Nurses are some of the most fundamental healthcare professionals, yet they can often be overlooked. LifeBrite Early wants to take a moment to appreciate our fantastic nurses by revisiting the profession’s long and detailed history.
The nursing field has roots dating back to at least 300 AD — as far as currently-available documentation tells us. Even then, nurses provided essential patient care, and helped innovate the field. Nursing made a particularly notable impact on Europe during the Middle Ages, when there was a significant demand for medical attendants from the Catholic Church, as caring for patients fell largely to monks and nuns.
From the 500s to early 600s, the first Spanish hospital was built in Merida, where the nurses in service were instructed to tend to all patients, regardless of their national or religious affiliation. This empathetic model continued to expand across Germany, France, and other countries through the tenth and eleventh centuries, opening the door for the all-encompassing care nurses give today.
Much of modern nursing is attributed to Florence Nightingale, who tended to injured soldiers during the Crimean War of the 1850s (more below). Her efforts toward better hygienic practices significantly reduced death rates and influenced a huge increase in nursing popularity.
Demand for fully trained, educated nurses increased during World Wars I and II in the 20th century. Modern nursing largely stems from the technological advancements made in the medical field during this time. Since the turn of the 20th century, nursing has branched out to specific medical fields like oncology, critical care, and pediatrics.
According to the American Association of Colleges of Nursing, “With more than three times as many RNs in the United States as physicians, nursing delivers an extended array of healthcare services, including primary and preventive care by nurse practitioners with specialized education in such areas as pediatrics, family health, women’s health, and gerontological care.” Education and expansion has also advanced significantly, with many nurses performing primary care tasks independently (i.e. prescribing medications), and directing the complexities of entire nursing care systems.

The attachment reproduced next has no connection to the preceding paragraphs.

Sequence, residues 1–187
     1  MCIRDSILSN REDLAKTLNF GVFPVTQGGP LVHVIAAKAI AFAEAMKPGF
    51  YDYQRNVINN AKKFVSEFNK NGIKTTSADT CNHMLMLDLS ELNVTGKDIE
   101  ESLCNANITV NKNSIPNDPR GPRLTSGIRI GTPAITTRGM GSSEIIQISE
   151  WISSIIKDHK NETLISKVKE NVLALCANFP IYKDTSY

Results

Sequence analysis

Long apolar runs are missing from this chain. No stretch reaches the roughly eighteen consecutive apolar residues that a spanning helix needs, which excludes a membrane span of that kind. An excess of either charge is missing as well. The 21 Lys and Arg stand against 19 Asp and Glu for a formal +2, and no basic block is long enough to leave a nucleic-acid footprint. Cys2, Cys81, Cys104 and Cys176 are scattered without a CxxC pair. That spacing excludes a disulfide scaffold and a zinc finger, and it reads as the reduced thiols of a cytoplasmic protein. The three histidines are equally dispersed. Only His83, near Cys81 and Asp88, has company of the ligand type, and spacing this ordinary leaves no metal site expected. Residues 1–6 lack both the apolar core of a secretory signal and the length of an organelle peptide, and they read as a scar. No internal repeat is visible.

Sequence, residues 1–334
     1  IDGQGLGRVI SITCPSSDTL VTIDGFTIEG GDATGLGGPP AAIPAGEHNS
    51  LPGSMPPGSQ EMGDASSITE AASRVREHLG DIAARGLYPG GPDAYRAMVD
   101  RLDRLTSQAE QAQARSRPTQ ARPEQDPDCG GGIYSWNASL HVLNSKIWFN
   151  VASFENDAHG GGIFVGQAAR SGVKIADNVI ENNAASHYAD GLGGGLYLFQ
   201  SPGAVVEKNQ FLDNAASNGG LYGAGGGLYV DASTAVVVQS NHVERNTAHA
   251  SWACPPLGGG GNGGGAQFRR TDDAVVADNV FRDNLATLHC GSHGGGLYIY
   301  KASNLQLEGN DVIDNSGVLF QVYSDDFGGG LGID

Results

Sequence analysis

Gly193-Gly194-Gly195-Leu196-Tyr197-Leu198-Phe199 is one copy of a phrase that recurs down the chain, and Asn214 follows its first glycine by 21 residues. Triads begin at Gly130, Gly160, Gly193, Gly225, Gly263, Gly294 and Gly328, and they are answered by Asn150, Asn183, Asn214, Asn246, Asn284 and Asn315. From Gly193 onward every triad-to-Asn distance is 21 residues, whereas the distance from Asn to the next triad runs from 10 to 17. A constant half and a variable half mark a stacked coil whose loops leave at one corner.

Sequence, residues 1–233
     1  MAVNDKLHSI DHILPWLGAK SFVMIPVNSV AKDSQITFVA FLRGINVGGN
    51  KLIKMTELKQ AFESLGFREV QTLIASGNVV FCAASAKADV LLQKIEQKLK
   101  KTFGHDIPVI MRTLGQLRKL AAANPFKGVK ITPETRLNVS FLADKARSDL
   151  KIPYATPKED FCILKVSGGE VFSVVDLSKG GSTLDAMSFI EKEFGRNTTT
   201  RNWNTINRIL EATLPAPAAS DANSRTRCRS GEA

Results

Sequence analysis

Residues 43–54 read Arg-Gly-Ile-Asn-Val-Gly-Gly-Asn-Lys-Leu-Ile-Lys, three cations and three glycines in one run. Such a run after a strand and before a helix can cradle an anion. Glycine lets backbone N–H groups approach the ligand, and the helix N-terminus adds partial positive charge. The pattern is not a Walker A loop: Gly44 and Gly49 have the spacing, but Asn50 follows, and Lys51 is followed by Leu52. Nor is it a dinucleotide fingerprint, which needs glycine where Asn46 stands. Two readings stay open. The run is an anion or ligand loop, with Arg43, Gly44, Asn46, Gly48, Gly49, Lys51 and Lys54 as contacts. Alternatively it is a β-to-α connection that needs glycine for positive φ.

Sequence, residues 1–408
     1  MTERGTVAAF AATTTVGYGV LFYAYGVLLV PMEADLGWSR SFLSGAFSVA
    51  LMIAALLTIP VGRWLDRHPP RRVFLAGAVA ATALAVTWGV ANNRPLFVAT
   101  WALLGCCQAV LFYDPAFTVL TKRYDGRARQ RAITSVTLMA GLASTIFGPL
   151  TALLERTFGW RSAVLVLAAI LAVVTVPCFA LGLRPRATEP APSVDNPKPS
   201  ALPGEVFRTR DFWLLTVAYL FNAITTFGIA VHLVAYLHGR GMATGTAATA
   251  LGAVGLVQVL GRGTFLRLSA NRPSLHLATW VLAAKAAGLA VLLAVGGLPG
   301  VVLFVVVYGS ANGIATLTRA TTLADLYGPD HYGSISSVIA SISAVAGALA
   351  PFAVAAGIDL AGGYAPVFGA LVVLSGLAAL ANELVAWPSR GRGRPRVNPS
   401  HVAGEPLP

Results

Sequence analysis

Prominent Figures in Nursing History
Florence Nightingale (1820-1910)
Arguably the most famous nurse in history, Florence Nightingale is credited for initiating the concept of modern nursing. Nightingale witnessed a shocking lack of hygienic practices on the battlefield during the Crimean War, and her careful attention concluded that more soldiers perished from unsanitary healthcare practices than from their wounds.
She proceeded to advocate for immense healthcare reform, much of which has been continued and expanded upon today. Although Nightingale is modernly criticized for biases that contributed to harmful practices against indigenous people, our modern sanitary practices are often credited to her original research.
Mary Eliza Mahoney (1845–1926)
Mary Eliza Mahoney was not the first Black woman to perform nursing duties, but she was the first to earn a professional nursing license in the U.S.. She grew up with free parents who were formerly enslaved, gaining nursing experience throughout her entire life.
Mahoney enrolled in the nursing program at the New England Hospital for Women and Children at the age of 33, and graduated 16 months later. A passionate advocate for increased access to nursing education and anti-discriminatory policies, she supported the founding of the National Association of Colored Graduate Nurses (NACGN) in 1908.
Hazel Johnson-Brown (1927-2011)
Seven years after former president Harry S. Truman integrated the United States Armed Forces, Hazel Johnson-Brown enlisted in the military in 1955. She had been previously denied access to her local nursing school in West Chester, Pennsylvania due to racial discrimination. Instead, she enrolled in a nursing school in New York while enlisted in the Army.
Johnson-Brown became the director of the Walter Reed Army Institute of Nursing. She was twice named Army nurse of the year, and nominated as the 16th chief of the Army Nurse Corps in 1979. She was later promoted to brigadier general: the first Black woman to earn the honor. Following retirement, Johnson-Brown served as a nursing professor at George Mason University and Georgetown University.
Learn More About LifeBrite:
Atlanta-based LifeBrite, led by CEO Christian Fletcher, operates LifeBrite Community Hospital of Early, LifeBrite Community Hospital of Stokes, and Lifebrite Laboratories. For more about our specific services and facilities, visit our website or call 229-723-4241.